Tuesday, July 24, 2012

Andy Warhol: The Portfolios Dulwich Picture Gallery

I never used to like Andy Warhol's work.  However I've changed my mind this year after seeing his work on display the exhibition Andy Warhol: The Portfolios at Dulwich Picture Gallery and The Queen: Art and Image exhibition at the National Portrait Gallery.

Between 1962 and 1984, Andy Warhol's artwork was primarily silk screen prints - his signature process.
Andy Warhol was a printmaker.  If he printed on canvas it was a painting, if it was on paper it was a print  and if you do multiples of them it's a portfolio of prints.
The exhibition comprises some 80 works from 13 portfolios.  It's the very first time that these portfolios - rom the collection of the Bank of America - have visited Europe as an exhibition.  The portfolios include the following....

Campbell's Soup Series II by Andy Warhol
The Campbell's Soup can is the iconic picture associated with Warhol. They make rather more sense when you know that his Slovakian immigrant family were poor and he ate Campbell's Soup every lunchtime when he was a child.

Flower Series by Andy Warhol
Some of the series demonstrate the different 'not quite fitting' colourways he worked with.

Space Fruit: Still Lifes by Andy Warhol

Portraits of Ten Great Jews of the Twentieth Century by Andy Warhol
Warhol made a considerable name for himself as a portraitist.  He used to take polaroids of celebrities and became a society portraitist.  When he portrayed dead people he had to work with the photographs of other people. He combines a pared down version of the photograph with drawing and colour shapes known as "arty rectangles".  It's amazing how familiar photographs come alive with the treatment given by Warhol.

Endangered Species and Myths by Andy Warhol
plus A portrait of Andy Warhol by Robert Maplethorpe
In the last room in the exhibition he also portrayed more unusual subjects in the Endangered Species and Myths (1981) portfolio.  These are hung with Keith Haring's Andy Mouse portfolio which was created as a homage to Warhol and a photograph of Warhol taken by Robert Mapplethorpe in 1986.  It's a curious juxtaposition - not least because a number of the hang, as you can see from the photogaph.  One gets the impression that somebody had a lot of fun hanging this room as a print room.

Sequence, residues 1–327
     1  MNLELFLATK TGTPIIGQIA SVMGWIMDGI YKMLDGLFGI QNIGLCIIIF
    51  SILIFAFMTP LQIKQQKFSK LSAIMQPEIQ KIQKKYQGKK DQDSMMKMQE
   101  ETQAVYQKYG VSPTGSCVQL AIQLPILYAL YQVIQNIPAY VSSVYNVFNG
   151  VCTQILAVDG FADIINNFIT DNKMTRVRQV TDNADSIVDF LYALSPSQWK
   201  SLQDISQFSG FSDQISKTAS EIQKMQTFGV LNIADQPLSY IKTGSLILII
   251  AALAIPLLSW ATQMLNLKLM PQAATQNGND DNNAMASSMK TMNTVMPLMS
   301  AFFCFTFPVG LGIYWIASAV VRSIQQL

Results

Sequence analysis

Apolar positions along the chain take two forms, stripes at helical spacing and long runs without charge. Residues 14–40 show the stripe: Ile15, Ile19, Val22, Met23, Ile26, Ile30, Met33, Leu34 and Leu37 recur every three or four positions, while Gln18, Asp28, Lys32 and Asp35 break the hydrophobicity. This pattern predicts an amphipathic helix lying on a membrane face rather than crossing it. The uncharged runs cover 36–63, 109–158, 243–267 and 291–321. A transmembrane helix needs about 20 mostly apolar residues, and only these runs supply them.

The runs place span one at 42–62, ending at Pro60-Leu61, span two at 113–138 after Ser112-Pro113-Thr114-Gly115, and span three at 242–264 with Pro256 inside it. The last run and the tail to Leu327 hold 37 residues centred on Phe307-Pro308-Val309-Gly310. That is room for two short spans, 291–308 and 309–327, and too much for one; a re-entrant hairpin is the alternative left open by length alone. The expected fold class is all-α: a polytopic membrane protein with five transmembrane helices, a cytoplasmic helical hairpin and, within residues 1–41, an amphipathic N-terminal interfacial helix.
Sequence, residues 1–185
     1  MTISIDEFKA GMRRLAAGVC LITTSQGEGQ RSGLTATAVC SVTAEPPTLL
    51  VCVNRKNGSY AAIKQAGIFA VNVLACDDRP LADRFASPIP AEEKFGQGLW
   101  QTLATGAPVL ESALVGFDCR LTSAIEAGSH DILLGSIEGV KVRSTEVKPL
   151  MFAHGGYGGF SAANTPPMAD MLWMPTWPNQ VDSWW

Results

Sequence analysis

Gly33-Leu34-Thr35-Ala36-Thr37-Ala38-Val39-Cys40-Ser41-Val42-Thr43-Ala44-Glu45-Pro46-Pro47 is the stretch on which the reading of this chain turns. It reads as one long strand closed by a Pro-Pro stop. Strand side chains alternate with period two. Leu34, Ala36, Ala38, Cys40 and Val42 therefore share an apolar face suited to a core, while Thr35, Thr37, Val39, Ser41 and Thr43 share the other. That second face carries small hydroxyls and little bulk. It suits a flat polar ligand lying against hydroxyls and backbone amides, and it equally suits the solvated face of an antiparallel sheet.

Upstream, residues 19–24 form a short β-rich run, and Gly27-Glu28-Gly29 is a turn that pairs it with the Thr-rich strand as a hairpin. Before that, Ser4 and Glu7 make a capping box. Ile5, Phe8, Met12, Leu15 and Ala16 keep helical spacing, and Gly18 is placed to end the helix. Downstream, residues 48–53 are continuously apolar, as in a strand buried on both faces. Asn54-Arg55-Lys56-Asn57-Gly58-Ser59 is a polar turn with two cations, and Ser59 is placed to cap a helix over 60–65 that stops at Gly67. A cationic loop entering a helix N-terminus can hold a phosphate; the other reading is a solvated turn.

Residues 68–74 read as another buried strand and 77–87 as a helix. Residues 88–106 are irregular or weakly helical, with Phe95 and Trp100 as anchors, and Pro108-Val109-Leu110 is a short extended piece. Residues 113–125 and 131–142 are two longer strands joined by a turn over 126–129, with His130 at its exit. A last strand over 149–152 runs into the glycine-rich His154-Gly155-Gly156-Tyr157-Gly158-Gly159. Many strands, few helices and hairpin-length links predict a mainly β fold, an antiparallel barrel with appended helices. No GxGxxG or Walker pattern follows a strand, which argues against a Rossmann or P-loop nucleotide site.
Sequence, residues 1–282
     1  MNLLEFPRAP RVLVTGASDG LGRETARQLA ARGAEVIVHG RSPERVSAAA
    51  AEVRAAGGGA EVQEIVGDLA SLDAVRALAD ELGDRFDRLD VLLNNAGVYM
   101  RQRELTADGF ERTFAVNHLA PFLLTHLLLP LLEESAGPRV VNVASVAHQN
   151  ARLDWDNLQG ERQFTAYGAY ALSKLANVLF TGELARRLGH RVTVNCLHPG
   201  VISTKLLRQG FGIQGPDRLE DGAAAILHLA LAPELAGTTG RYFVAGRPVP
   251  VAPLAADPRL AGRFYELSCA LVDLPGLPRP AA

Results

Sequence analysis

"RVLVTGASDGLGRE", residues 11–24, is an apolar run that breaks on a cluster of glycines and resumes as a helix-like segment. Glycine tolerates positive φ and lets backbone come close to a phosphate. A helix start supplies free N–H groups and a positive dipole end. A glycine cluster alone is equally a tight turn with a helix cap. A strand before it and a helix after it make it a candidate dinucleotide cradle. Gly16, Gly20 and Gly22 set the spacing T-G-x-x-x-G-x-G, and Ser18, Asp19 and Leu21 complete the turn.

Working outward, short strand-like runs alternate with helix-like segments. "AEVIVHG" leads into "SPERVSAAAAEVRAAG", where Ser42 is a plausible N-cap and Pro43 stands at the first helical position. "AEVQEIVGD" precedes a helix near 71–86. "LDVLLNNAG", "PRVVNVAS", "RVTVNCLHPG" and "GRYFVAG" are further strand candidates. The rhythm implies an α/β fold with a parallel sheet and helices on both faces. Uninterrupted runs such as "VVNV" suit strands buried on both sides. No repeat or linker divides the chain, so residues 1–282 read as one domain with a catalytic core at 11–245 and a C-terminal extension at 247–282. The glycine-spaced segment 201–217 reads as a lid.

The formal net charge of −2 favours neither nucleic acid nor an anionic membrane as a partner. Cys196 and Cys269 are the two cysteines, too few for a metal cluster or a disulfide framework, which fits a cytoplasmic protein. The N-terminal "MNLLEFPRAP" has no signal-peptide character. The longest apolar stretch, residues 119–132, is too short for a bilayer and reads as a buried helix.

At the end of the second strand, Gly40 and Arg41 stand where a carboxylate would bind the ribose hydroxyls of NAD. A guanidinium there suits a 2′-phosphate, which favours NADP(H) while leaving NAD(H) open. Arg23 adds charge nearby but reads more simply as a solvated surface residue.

Other iconic images include his portrait of Marilyn Monroe and Mohammed Ali.

Vesuvius (1985) print series by Andy Warhol
I thought his short series based on an early nineteenth century painting of Vesuvius exploding exploding was particularly effective.

The great thing about the exhibition at Dulwich is that it demonstrates that Warhol is a very fine colourist.  The colourways are amazing and the result is highly decorative - but not in a bad way!.  Dejardin references Francis Boucher and the eighteenth century and hung the prints together decoratively as you would in the eighteenth century
"Stack 'en high and make it decorative"
Warhol's use of diamond dust as a surface for his screenprints was both innovative and is demonstrated clearly in this exhibition.

Ian Dejardin, The Sackler Director of Dulwich Picture Gallery has done a brilliant introduction to the exhibition - which is now on YouTube

The Bank of America Collection is one of the most diverse corporate art collections in the world. It has an Art in Our Communities® programme which enables museums and non-profit galleries around the world to borrow complete or customised exhibitions at no cost, guaranteeing that the collection is shared with as wide an audience as possible.

Exhibition Information. Andy Warhol: The Portfolios 20 June – 16 September 2012
Tickets: £10 Purchase online at www.dulwichpicturegallery.org.uk
Senior Citizens £9, Unemployed, disabled, students £5, children and Friends free
Education and Event Programme

Public Courses Andy Warhol: Silk Screen Printing Saturday 11 – Sunday 12 August 2012 10.30am – 4pm This two day course will explore the essential qualities of simple silkscreen printing. With artist Carole Waller. £70 (Concessions and Friends £65) Prices are for two days. Lunch is not included

There are also a number of community engagement print workshops being run in association with the exhibition - more details from the website

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